Cleaning Staff vs. Shop Workers – who gets paid more?
It’s that time of year again when we’ll learn the new National Living Wage rate in the UK.
Cleaning companies, restaurant owners, shopkeepers, coffee shop multiples – we’re all waiting eagerly to know any day now what the rate will be set at for 1 April 2020.
In 1986, as a student at Edinburgh University, I got a job as a cleaner at £2.40 per hr. That £24 weekly wage for 10 hrs work was actually quite useful to me, despite the 4:30am start.
When I set up Spotless in 1988, winning the contract for a large law firm in Edinburgh (we still clean it), I thought our staff wage rate of £3.20 was definitely on the generous side.
How times have changed. And for the better.
The National Minimum Wage was introduced in 1999 at £3.60 for those aged 21, edging up to £5.80 in the next 10 years.
It is now replaced by the National Living Wage, presently set at £8.21.
The Chancellor, Sajid Javid, recently announced that in the next 5 years it will reach £10.55. The hope is that we will eventually reach the levels of the superior Living Wage, or at least close the existing 79p gap.
But for the cleaning industry, the real story of the new market forces lies below the surface.
Instead of being effectively the poorest paid in the UK, market forces are now determining that cleaners are paid more than shop workers, baristas, security guards, kitchen staff, and even some office workers!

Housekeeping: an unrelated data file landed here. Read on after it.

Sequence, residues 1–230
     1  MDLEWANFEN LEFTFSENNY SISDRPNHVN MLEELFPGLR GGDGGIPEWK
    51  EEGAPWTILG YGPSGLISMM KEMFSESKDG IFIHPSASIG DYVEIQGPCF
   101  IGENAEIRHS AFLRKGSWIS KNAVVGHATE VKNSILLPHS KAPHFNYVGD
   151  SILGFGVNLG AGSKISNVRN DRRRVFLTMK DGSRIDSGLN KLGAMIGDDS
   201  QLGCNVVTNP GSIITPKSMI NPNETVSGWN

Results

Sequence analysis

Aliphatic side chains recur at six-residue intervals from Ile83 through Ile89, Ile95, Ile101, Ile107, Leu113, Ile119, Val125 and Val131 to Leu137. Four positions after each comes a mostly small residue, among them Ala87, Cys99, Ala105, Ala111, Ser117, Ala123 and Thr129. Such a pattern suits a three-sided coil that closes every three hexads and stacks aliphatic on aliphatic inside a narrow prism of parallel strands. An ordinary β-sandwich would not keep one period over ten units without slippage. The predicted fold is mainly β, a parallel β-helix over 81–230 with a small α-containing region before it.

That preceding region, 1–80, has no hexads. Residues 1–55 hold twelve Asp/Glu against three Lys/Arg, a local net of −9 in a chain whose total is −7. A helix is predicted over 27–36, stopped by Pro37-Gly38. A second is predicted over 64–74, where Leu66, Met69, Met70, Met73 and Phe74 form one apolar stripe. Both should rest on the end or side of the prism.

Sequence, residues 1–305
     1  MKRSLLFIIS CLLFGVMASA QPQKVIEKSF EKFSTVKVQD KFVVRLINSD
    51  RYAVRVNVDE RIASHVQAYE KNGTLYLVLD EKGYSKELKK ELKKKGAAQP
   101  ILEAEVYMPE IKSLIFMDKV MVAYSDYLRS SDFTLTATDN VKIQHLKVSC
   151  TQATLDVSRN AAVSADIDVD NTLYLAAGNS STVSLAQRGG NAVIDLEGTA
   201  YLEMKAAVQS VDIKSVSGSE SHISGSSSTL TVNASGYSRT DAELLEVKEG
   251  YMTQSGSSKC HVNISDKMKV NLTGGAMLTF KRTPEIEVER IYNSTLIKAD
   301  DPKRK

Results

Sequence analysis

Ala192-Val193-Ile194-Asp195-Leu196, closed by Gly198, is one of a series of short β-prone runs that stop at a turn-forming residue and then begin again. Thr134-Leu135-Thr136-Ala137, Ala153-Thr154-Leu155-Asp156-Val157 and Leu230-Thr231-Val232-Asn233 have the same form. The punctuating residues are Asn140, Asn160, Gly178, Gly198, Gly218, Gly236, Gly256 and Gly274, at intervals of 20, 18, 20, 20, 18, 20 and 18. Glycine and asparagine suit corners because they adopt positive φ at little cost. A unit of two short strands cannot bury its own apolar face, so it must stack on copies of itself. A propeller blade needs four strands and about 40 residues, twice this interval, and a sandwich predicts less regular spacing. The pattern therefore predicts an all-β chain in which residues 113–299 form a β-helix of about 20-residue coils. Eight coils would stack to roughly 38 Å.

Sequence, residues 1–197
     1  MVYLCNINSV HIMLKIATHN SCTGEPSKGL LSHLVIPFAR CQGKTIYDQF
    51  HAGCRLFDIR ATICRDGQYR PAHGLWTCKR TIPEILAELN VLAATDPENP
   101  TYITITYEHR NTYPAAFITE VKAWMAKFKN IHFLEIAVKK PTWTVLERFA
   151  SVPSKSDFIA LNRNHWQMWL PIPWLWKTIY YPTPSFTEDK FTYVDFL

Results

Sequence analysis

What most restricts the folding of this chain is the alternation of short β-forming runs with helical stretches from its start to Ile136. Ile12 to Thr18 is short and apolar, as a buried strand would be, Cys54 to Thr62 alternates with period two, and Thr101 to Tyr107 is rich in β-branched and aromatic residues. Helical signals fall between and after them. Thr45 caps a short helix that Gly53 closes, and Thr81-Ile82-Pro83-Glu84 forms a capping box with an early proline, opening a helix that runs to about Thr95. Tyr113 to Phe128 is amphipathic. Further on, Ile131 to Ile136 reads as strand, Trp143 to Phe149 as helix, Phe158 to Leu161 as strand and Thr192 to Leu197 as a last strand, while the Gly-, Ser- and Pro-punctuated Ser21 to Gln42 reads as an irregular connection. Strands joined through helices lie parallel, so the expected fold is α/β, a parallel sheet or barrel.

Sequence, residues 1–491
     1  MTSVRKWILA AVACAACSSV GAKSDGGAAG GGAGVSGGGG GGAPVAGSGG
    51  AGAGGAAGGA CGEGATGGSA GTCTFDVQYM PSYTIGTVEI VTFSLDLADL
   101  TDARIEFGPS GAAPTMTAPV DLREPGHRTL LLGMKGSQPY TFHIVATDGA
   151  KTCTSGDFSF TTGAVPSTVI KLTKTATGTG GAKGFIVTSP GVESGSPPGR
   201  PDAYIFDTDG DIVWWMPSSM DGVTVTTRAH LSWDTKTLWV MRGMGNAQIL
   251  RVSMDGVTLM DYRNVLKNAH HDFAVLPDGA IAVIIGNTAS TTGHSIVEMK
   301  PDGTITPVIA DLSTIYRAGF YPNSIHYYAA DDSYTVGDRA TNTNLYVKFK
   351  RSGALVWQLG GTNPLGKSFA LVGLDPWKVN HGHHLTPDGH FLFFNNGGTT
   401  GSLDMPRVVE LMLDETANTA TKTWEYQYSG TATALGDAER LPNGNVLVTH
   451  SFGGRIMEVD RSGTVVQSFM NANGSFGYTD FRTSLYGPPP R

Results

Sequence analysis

Why? Because they are short shifts at mostly unsociable hours.
What’s going to attract more applicants? A 9-to-5 shift in a shop, restaurant or coffee bar in the town centre, or a 6-8am cleaning shift? And assume the bus fare is £1.70 each way.
In reality, what is now happening is that cleaners want to do multiple shifts over a 6-8 hr period, and if there are jobs available at the Real Living Wage (£9 per hr), well they’ll always apply for those first.
More and more cleaning companies are becoming Living Wage accredited, and this is inevitably the way we are headed, too.
Net migration is down sharply since 2016, and we’re expecting a significant ‘Brexodus’ over the next few years. Cleaning standards are more scrutinised than ever before, and cleaning staff are ever more accountable.
There are simply fewer people who are available to clean. There are arguably more jobs than applicants!
Luckily, there are many companies that recognise that they now have to pay more for good quality cleaning. Higher wages for cleaners equals lower staff turnover and higher morale.
It is our task as a sector to drive this agenda.
Written by Roger Green, CEO, Spotless Commercial Cleaning.